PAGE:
People who have recurring symptoms of Lyme disease after taking a full course of antibiotics most likely have a new infection, according to research that undercuts the theory that the illness can relapse.
The Lyme Disease bacterium is spread by the tick bite that appears in the form of a “bull’s-eye rash,” according to the U.S. Centers for Disease Control and Prevention. If untreated, patients may develop fatigue, fever and muscle aches, palsy and eventually arthritis, nerve and heart disease.
A small number of patients have reported symptoms years after their initial treatment, raising concern that an incurable form of the disease exists, said Robert Nadelman, a researcher at New York Medical College in Valhalla. He analyzed bacteria from 17 people with consecutive episodes of the rash starting in 1991, and found the infections were caused by genetically distinct bacteria. There’s less than a one in five million chance that happened by chance, he said.
“Our data provide compelling evidence that courses of antibiotics that are recommended by Infectious Disease Society of America regularly cure early Lyme disease,” said Nadelman, a professor of medicine in the division of infectious diseases at New York Medical College in Valhalla, in a telephone interview. “When people have early Lyme disease again, it’s likely due to a new infection due to a new tick bite.”
The National Institutes of Health and the William and Sylvia Silberstein Foundation funded the study, which appears in the Nov. 15 New England Journal of Medicine.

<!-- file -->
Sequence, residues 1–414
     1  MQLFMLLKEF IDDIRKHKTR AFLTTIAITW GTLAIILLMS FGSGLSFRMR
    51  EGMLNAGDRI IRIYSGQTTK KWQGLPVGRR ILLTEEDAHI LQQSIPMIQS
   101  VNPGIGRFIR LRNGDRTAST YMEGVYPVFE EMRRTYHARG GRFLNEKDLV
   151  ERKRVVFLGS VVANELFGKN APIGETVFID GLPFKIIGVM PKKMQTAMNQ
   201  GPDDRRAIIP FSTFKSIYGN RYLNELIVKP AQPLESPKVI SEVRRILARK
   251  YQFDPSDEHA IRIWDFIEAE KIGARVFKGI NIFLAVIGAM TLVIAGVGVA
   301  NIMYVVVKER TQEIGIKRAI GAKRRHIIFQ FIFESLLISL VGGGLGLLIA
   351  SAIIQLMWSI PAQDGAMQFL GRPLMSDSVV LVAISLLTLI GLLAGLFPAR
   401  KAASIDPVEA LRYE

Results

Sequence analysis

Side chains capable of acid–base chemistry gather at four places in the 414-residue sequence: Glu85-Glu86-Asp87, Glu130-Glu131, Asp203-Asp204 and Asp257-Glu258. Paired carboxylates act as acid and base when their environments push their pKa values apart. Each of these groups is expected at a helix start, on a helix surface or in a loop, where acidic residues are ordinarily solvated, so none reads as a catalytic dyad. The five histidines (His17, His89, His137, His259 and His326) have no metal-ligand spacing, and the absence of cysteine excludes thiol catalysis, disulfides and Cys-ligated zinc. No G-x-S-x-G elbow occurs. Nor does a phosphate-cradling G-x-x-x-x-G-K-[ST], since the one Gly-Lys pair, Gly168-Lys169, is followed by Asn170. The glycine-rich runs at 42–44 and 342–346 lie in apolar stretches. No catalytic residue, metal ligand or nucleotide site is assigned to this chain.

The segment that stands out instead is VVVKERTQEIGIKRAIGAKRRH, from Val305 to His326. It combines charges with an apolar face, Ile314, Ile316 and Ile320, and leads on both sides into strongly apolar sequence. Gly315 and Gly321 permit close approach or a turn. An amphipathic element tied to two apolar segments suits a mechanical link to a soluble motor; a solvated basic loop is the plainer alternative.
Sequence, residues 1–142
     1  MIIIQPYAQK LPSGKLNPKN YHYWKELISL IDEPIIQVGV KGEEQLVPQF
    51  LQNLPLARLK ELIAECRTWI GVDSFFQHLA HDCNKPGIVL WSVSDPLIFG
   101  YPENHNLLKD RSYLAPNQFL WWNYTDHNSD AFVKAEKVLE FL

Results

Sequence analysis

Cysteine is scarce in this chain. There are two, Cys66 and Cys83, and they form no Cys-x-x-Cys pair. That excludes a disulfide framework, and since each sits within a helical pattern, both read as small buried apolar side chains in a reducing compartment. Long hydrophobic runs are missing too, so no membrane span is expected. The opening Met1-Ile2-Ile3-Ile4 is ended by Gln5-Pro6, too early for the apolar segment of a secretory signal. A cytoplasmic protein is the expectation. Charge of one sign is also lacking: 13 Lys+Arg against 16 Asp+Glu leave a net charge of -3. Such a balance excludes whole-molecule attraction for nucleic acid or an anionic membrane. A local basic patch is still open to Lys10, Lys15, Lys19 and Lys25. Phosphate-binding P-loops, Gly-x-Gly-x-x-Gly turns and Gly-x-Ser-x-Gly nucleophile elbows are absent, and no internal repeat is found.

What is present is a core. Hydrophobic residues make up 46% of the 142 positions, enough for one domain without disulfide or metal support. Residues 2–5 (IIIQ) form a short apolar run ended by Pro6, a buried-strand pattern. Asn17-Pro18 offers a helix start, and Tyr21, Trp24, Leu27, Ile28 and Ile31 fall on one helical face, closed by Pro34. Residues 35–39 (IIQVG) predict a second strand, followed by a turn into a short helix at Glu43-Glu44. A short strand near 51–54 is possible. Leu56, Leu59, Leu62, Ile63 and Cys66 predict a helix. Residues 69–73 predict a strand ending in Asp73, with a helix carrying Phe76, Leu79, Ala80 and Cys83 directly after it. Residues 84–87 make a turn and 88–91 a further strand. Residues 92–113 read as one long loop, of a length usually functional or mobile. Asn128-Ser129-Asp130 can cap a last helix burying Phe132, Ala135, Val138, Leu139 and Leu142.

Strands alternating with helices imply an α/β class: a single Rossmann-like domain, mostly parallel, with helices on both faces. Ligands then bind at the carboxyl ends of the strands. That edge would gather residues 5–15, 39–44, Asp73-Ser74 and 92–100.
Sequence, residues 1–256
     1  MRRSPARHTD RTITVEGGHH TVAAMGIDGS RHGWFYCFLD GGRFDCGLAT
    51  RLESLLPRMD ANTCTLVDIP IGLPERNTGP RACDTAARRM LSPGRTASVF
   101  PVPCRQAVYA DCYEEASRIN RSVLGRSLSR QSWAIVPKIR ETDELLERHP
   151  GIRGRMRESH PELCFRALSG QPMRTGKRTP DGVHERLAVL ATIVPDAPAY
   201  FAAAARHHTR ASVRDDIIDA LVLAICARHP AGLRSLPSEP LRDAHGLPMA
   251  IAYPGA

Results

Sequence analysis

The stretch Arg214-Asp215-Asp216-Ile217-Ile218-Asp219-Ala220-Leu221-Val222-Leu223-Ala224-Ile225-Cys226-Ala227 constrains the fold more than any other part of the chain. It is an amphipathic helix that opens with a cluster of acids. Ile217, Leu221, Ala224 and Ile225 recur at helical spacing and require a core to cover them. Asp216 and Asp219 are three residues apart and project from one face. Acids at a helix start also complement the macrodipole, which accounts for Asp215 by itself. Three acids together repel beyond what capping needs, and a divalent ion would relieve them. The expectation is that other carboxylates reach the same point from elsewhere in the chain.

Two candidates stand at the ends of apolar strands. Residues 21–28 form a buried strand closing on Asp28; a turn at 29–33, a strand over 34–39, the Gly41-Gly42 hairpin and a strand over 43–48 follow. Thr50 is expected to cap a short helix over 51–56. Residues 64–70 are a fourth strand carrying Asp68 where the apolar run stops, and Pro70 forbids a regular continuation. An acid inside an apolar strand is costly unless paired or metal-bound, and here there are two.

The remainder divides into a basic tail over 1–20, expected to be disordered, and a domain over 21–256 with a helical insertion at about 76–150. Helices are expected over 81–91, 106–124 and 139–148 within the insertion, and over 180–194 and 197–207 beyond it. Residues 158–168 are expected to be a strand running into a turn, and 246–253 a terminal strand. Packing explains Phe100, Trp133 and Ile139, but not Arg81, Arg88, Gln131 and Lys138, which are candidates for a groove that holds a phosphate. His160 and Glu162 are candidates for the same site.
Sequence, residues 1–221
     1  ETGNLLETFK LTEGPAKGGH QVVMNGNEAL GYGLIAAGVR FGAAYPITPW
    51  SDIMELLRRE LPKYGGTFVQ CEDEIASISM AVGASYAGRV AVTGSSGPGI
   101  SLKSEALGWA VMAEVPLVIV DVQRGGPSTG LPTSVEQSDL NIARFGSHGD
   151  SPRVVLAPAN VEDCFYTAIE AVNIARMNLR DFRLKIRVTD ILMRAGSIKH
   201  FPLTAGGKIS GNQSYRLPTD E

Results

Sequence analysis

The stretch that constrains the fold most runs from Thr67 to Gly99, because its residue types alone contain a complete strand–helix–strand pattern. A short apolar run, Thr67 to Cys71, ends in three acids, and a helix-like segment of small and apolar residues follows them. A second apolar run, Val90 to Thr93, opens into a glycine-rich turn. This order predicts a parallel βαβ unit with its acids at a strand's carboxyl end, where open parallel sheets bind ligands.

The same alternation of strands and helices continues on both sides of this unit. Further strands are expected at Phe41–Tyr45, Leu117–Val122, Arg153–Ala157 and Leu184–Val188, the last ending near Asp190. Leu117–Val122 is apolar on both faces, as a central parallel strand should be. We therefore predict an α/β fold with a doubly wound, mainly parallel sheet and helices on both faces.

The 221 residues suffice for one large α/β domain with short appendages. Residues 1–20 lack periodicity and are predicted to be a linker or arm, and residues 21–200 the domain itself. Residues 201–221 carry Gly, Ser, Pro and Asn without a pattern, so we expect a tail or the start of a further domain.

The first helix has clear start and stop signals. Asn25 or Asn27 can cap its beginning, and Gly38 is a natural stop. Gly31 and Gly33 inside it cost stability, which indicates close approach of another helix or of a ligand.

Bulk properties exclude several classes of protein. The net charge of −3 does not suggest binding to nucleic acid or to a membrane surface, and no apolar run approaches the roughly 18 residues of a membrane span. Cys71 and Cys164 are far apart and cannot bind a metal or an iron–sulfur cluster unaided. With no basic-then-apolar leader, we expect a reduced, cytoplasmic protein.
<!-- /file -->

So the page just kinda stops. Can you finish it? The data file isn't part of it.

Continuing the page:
There were 24,364 confirmed cases of Lyme disease reported in the U.S. last year, according to the CDC, including 3,118 in New York, 3,398 in New Jersey and 4,739 in Pennsylvania, states with the largest number of cases.
The controversy over relapses versus the risk of repeat infection has broad implications for treatment and prevention, the researchers said. Chronic Lyme disease is showing up as a common diagnosis in people with unexplained pain, mental defects or fatigue, even if there is no evidence of infection with the bacteria that causes the disease, wrote Allen Steere, from Massachusetts General Hospital and Harvard Medical School.
“These patients are said to have persistent infection, which can be suppressed only with months or years of antibiotic therapy, and the therapy must be restarted when symptoms recur,” he wrote in an editorial that accompanied the study. “The weight of evidence is strongly against persistent infection as the explanation for persistent symptoms in antibiotic-treated patients with Lyme disease.”
The findings are “absolutely reassuring,” showing that people who have been bitten by tick that may harbor Lyme disease have an excellent chance of a cure, Nadelman said. Because it takes several days for a tick to transmit the infection, people who live in areas where the ticks are endemic should check themselves from head to toe each night, he said.